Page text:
"It makes sense now, I think," the detective said grimly, heading out the gate towards his Tahoe, without a goodbye.

"I've got some bad news," Gilbert said, when I finally got hold of him the next day, after several fruitless attempts. "I'll be right over."

I was on tenterhooks until he got there, and then too uptight for the niceties.

"Okay - so what's up?" Was Dad in trouble after all, despite the surely damning evidence in Vincent's trunk? He'd taken off in the car early in the morning, and I hadn't seen him since. I remembered his haggard face.

"It's all over," Gilbert said gravely, picking up my empty coffee mug and studying it intently, as if for fingerprints or blood. "You're free to go, you and your father."

I stared at him. "But I thought you said bad news."

After a moment's pause he said softly, "It's bad for me. I'd much rather you didn't go."

"I've got work," I said, blushing.

"And I do too," he said, setting the coffee mug down, gently as could be.

"Can we get back to this later?" I asked, backing away, trying for time to recover my balance and senses. "Tell me what happened with Vincent."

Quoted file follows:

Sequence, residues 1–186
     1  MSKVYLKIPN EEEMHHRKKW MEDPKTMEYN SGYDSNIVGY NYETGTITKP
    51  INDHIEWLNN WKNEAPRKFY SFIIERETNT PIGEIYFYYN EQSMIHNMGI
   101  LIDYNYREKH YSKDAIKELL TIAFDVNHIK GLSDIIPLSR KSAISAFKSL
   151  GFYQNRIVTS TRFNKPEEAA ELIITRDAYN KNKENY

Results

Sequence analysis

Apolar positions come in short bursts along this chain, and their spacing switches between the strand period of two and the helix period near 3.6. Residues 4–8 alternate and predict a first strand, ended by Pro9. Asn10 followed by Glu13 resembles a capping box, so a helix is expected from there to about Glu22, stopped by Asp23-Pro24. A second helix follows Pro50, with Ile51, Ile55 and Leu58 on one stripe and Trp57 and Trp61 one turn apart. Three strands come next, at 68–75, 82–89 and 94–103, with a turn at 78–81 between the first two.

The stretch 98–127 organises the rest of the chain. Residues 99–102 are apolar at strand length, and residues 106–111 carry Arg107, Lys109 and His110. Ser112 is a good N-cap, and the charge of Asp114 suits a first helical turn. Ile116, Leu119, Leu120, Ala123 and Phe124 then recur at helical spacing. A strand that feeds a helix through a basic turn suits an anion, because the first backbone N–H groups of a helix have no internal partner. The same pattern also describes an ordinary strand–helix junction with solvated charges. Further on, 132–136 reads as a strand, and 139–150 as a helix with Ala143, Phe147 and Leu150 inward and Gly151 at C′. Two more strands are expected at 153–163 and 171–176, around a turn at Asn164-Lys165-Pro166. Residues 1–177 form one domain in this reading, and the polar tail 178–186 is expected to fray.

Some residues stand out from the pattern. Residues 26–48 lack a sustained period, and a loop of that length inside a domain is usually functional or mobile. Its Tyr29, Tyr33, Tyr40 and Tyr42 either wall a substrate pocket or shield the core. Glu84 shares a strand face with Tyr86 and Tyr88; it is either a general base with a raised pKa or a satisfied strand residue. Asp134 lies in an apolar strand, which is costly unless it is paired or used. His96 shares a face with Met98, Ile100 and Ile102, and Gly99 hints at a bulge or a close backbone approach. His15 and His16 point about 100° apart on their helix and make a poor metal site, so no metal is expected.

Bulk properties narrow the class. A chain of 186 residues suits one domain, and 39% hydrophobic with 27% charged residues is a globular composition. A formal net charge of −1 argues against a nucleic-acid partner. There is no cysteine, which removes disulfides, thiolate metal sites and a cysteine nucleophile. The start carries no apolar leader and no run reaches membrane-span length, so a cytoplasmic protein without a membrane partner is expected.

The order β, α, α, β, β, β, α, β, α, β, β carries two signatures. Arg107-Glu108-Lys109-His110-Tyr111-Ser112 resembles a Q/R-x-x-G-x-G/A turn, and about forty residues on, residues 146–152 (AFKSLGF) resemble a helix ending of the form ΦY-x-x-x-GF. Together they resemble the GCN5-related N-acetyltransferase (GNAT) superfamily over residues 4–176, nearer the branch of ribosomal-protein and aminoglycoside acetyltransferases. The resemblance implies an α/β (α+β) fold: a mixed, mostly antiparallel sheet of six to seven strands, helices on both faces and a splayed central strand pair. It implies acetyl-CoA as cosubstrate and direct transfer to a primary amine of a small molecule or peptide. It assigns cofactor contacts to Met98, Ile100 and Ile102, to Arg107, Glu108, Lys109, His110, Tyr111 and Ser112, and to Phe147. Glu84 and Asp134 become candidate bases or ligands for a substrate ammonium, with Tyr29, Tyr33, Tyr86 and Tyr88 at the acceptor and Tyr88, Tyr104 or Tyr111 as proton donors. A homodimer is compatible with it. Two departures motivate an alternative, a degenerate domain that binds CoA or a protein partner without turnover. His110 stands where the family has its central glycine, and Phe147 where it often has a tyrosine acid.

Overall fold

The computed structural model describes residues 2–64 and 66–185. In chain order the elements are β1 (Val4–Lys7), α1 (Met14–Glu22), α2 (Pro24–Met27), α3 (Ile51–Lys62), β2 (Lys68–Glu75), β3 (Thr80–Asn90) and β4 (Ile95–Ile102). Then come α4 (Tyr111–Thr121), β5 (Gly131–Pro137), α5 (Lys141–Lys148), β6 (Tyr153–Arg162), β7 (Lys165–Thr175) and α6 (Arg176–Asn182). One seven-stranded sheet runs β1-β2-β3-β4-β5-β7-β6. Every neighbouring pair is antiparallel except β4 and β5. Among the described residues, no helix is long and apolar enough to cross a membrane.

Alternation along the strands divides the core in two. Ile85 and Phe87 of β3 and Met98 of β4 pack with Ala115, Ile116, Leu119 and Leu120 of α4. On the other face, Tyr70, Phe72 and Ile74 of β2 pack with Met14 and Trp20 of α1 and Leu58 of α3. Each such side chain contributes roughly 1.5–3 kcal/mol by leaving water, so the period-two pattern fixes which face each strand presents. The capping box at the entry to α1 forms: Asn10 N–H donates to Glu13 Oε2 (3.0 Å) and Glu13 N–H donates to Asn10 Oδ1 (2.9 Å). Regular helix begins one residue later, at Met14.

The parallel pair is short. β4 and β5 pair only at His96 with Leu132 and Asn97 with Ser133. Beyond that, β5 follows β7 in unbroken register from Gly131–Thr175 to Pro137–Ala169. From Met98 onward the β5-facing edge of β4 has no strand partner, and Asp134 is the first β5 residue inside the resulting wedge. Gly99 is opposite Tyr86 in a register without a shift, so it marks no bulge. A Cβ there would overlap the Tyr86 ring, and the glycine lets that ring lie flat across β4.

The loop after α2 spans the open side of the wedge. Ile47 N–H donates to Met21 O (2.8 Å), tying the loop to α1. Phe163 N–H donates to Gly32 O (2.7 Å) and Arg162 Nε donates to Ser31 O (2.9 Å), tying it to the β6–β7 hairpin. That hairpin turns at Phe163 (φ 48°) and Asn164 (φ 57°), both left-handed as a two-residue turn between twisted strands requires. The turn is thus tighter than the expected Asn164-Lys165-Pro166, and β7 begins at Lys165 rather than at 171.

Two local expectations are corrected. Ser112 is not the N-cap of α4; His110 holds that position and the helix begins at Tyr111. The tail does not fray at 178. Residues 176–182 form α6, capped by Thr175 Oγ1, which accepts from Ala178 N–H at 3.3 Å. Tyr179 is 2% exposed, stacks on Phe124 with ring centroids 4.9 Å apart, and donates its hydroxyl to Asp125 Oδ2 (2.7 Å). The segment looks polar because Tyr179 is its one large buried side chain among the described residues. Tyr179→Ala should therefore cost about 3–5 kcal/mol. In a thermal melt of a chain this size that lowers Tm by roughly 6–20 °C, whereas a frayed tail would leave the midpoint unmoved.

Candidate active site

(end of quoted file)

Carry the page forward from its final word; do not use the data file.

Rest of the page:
"He denied everything at first, but soon couldn't help boasting about the favor he'd done 'the righteous and the true.' He called his stepmother a harlot, a damned soul, and said she'd got no more than what she had coming to her. He really is possessed of an extreme religious mania."

"Was that why he killed her?" I asked, stunned suddenly by the knowledge that somebody I knew could do that. "Her morality - or lack thereof?"

"Well, not just that. A lot of things concurring, and threatening his vision of his great ecstatic oneness with the Divine or the Absolute."

"What - the naked flautist?"

"Well, yes, if probably not in the basest sense. His ticket to earthly and heavenly success."